Cloud computing is changing the face of the IT industry and giving rise to a shift in the way that companies think about data storage. CPU and GPU computing options along with high speed networks have caused a stir in the industry and a prediction that soon enough, servers will be small enough to fit in a pizza box and be stored in a back room while still providing the same or a better level of service as they do now. While the Super Server remains tantalizingly elusive, there are a number of factors that are driving its evolution.
First, there are a host of new applications and greater workloads that demand a virtual server that can handle them. Videos, flash objects, sound files, data tracking – all of these items require capacity and the ability to scale when needed. Next is the ability to handle data. Currently, virtual servers are not able to deal with data as effectively as they should; leading to I/O issues when big drains on the server happen.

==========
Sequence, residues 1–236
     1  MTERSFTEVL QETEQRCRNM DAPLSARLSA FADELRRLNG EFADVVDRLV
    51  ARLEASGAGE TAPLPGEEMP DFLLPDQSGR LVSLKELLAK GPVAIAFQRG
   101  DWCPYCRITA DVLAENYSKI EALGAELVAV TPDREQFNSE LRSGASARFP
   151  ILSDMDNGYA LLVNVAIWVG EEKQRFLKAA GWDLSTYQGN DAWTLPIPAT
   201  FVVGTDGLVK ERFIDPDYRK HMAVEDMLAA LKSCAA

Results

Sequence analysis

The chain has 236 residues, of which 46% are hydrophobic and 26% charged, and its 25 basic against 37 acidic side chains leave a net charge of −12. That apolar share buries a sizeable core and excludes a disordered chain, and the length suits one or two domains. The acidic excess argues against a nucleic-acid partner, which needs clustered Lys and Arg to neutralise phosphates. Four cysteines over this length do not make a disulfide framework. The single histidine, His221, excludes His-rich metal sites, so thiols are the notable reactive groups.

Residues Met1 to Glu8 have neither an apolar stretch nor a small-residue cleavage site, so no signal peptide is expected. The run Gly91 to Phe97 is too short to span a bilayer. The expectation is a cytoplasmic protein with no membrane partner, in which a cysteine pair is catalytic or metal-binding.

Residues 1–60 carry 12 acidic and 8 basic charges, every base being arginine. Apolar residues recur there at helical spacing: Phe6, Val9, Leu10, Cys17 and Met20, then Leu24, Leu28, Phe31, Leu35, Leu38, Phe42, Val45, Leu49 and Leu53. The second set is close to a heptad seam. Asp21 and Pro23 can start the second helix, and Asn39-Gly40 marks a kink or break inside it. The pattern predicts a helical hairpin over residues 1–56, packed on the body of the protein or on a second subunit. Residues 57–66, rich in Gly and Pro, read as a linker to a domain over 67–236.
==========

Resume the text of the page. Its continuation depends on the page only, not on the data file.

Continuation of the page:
Third is power. More and more, companies are seeing the power bills for their physical servers skyrocket over time, vastly exceeding the amount they originally paid for the machines. A Super Server, be it physical or virtual, must be an efficient power consumer. Last but not least is management. Virtualized tools like hypervisors are constantly undergoing revisions to ensure that they can not only deal with the now but predict just what the future might hold for server needs and capacity use, allowing a company to make best use of the space they have purchased.
Though the Super Server is as yet a hero in the making, its emergence is simply a matter of time.